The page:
This is the top-level of the report, and reports the details of the run, such as date, tool version, and the command-line used to launch the simulator.

Profile Summary

When the aiesimulator --profile option is specified, the simulator collects profiling data on the AI Engine graph and kernels presenting a high-level view of the AI Engine graphs, kernels-mapped to processors, with tables and graphic presentation of metric data.

The Profile Summary provides annotated details regarding the overall application performance. All data generated during the execution of the application is grouped into categories. The Profile Summary lets you examine processor/DMA memory stalls, deadlock, interference, critical paths, and maximum contention. This is useful for system-level performance tuning and debug. System performance is presented in terms of latency (number of cycles taken to execute the system) and throughput (data/time taken). Sub-optimal system performance forces you to examine and control (thru constraints) mapping and buffer packing, stream and packet switch allocation, interaction with neighboring processors, and external interfaces. An example of the raw Profile Summary report is shown.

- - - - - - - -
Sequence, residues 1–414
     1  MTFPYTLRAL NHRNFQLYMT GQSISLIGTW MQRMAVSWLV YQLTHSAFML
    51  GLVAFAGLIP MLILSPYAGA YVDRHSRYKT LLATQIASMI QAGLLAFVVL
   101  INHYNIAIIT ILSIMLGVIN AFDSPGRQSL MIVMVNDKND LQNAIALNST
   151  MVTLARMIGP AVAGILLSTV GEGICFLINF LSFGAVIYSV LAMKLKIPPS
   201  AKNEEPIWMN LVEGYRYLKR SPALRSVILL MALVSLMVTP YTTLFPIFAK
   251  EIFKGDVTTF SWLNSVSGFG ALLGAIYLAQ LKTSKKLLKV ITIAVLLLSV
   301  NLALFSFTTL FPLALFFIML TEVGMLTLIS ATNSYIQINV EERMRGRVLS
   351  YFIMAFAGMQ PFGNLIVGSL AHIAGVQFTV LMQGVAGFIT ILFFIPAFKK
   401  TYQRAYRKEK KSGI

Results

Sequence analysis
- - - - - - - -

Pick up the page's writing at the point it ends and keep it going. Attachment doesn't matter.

Figure 1. Profile Summary

Specific tables can be used to see profile information specific to the kernels. This is shown as a chart with a table showing what is running on the tiles. The following is an example chart.

Figure 2. Example Chart